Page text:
I owe this intelligence concerning my own obtuseness to The South Bank Show: Body Art (ITV, Sunday). Admittedly, I felt I was in good company. An unusually squeamish Melyvn introduced the film by saying, "Tonight we look at artists whose work involves blood, flesh and pain ... Some people, including myself, find them disturbing."

We started with the mild and risible. A group of shaven-headed people with metal hanging from their chests made silly noises and enacted a self-indulgent, made-up ritual. They were into piercing. "The vertical clit hood is brilliant," revealed one devotee. "This is me. I'm pierced and I want to be pierced," another told the camera defiantly and pointlessly. After the pierce-artists, however, it was all downhill. I can't tell you whether it was the naked, whitewashed bald man who opened the vein in his arm and then rolled around in blood and dry ice, or the appalling Orlan, who has plastic surgery on stage, that disgusted me most. I found myself wondering why, in a century that gave us the Holocaust, we felt the need to witness yet more pain and degradation, this time in the name of art.

Enter Claire Armitstead, arts editor of the Guardian, a woman who radiated warm intelligence, but who said that "you are hiding your head in the sand if you don't think it [this kind of art] is important". All this blood and wanking clearly had significance that was beyond my intellectual reach. So I was grateful when, last week, I received a package containing some review tapes, a copy of the Kama Sutra, a small chocolate phallus and, most puzzlingly, a pair of handcuffs. This was the publicity shot for Hollywood Sex (Sky One, Sunday), a programme made by the company - September Films - who brought Hollywood Women to ITV. I ate the chocolate, read the book, watched the tapes and - lacking inspiration - put the handcuffs in my desk drawer.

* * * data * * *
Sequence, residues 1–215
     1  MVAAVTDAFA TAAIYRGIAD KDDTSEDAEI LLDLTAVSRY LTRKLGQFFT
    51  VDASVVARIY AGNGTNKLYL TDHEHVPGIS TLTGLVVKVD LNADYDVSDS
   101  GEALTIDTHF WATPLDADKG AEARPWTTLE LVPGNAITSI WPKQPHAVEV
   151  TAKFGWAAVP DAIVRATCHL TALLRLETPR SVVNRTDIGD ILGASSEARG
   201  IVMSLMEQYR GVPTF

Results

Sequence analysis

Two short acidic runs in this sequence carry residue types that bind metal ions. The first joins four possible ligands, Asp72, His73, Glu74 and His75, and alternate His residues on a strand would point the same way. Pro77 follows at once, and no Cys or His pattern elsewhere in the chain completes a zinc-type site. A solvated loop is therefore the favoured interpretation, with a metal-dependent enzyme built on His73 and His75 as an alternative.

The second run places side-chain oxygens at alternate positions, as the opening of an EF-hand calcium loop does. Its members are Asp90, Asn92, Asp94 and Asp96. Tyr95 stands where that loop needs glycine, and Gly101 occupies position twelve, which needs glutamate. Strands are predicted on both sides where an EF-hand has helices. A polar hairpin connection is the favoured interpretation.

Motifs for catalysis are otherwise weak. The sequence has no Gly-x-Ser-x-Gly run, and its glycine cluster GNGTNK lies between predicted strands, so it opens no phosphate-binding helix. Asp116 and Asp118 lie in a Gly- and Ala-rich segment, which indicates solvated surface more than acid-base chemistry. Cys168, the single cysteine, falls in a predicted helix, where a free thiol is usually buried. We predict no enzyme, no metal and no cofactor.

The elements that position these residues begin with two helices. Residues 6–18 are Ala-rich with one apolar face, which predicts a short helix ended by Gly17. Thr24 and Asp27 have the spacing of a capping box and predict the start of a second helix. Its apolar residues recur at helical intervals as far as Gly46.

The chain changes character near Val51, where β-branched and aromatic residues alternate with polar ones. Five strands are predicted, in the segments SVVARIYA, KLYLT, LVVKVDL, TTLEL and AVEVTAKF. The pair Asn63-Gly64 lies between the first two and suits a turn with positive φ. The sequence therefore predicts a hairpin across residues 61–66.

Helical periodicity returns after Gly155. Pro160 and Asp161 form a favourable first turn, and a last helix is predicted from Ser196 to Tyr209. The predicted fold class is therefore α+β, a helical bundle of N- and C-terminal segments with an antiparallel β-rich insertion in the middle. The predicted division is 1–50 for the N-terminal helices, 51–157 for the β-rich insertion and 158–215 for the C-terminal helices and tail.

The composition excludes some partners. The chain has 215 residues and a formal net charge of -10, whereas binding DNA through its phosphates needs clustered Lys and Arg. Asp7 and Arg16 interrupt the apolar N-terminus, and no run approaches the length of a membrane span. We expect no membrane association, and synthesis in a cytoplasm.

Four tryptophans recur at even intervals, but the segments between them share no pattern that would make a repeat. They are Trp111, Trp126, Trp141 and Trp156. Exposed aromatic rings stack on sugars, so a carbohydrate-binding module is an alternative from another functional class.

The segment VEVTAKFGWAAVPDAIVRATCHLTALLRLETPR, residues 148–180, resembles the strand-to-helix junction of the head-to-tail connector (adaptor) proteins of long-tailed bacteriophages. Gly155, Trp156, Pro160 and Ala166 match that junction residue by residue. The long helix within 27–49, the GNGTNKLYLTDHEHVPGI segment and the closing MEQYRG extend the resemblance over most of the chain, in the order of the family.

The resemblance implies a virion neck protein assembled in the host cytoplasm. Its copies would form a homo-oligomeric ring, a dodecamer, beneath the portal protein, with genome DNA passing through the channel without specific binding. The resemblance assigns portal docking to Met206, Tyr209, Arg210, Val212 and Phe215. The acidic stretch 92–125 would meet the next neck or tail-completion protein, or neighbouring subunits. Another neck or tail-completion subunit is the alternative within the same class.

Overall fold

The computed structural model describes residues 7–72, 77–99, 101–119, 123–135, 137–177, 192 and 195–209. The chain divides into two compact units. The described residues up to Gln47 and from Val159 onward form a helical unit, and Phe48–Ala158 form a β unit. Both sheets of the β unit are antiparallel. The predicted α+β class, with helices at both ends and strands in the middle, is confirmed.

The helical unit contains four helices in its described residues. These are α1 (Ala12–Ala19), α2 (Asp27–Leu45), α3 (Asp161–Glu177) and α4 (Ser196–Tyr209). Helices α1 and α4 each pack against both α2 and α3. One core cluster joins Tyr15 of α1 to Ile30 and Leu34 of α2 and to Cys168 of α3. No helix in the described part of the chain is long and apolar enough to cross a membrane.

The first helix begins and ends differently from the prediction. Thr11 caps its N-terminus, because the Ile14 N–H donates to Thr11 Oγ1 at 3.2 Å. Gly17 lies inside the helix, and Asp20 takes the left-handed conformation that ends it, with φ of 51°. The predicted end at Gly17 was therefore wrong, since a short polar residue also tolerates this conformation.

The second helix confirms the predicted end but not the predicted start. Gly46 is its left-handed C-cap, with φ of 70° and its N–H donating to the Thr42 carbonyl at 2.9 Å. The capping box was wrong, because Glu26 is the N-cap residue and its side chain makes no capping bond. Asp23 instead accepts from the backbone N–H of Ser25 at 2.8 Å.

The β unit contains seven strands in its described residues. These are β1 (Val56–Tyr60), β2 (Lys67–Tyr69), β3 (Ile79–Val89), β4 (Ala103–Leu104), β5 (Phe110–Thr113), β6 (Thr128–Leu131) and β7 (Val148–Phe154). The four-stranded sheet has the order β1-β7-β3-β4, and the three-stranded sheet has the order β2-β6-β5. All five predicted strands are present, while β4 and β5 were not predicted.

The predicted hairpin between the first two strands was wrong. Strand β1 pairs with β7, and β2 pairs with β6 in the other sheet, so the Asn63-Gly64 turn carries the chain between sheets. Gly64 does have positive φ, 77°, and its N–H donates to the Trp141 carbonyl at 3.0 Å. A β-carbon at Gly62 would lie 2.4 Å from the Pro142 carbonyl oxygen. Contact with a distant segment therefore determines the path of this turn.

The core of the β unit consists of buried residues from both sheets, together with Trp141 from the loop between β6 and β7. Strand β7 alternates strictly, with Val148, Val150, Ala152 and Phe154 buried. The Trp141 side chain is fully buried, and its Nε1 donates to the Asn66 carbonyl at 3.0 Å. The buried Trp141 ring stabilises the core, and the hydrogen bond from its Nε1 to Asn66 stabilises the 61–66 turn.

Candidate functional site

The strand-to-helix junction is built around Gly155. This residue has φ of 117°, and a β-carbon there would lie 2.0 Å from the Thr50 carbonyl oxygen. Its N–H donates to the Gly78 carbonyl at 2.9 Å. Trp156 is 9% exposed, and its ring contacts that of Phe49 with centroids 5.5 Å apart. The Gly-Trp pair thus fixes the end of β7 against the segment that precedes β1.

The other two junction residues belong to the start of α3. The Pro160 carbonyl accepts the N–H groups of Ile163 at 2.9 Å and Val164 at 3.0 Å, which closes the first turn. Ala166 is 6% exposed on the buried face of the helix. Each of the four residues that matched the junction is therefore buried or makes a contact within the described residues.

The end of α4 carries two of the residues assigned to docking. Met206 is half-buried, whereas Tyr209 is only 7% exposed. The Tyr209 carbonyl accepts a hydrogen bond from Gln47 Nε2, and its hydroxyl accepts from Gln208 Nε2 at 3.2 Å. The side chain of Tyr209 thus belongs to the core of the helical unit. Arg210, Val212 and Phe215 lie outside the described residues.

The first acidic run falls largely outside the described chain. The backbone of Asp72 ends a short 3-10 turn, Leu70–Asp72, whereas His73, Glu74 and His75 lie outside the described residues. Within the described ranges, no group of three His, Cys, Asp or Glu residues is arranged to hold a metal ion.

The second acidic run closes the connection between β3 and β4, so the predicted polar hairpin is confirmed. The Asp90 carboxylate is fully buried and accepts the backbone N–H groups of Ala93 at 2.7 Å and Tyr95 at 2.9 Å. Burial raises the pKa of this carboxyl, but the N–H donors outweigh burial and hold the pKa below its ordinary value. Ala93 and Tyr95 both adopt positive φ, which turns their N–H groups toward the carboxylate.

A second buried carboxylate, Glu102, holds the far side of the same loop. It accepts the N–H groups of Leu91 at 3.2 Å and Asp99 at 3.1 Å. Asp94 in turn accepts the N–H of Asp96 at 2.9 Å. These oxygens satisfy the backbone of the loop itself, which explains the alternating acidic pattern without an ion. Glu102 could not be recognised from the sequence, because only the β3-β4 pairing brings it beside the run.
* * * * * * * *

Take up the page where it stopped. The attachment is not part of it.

In the old days of prudery, the only way you could get to look at a decent pair of breasts was if they illustrated some anthropological feature in a glossy magazine. Now, provided what you are doing is "examining" the US sex industry, you can get to look at pretty much anything. We can even see a guy having his erect member cast in rubber for his girlfriend to take to college with her. Of course, we don't see the thing in the flesh (this isn't The South Bank Show), but we do get to see his bum, and then the life-size replica, and we can put one and two together.

From there we travel around the LA clubs that cater for all sexual tastes (literally and metaphorically), from oiling to role-playing to sadomasochism. And isn't it interesting that the compulsions or indulgences that make some people seem sad in our eyes can, should they affect ridiculous silly voices and call it art, be transformed into statements about the end of the century?